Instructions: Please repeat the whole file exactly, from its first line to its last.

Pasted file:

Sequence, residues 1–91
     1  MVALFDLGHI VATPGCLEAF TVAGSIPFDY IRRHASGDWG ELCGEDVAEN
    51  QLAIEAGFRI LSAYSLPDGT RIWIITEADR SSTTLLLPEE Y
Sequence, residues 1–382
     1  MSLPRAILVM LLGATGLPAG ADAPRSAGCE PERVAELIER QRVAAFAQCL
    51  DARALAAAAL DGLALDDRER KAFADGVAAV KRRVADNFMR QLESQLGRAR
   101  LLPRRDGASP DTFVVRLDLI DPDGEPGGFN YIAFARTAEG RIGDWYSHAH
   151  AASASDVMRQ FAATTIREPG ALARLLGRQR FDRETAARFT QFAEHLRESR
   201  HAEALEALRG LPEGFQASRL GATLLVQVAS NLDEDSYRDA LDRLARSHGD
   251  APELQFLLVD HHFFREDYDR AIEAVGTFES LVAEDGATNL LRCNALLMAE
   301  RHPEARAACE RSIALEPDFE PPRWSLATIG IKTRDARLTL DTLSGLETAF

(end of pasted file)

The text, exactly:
Sequence, residues 1–91
     1  MVALFDLGHI VATPGCLEAF TVAGSIPFDY IRRHASGDWG ELCGEDVAEN
    51  QLAIEAGFRI LSAYSLPDGT RIWIITEADR SSTTLLLPEE Y
Sequence, residues 1–382
     1  MSLPRAILVM LLGATGLPAG ADAPRSAGCE PERVAELIER QRVAAFAQCL
    51  DARALAAAAL DGLALDDRER KAFADGVAAV KRRVADNFMR QLESQLGRAR
   101  LLPRRDGASP DTFVVRLDLI DPDGEPGGFN YIAFARTAEG RIGDWYSHAH
   151  AASASDVMRQ FAATTIREPG ALARLLGRQR FDRETAARFT QFAEHLRESR
   201  HAEALEALRG LPEGFQASRL GATLLVQVAS NLDEDSYRDA LDRLARSHGD
   251  APELQFLLVD HHFFREDYDR AIEAVGTFES LVAEDGATNL LRCNALLMAE
   301  RHPEARAACE RSIALEPDFE PPRWSLATIG IKTRDARLTL DTLSGLETAF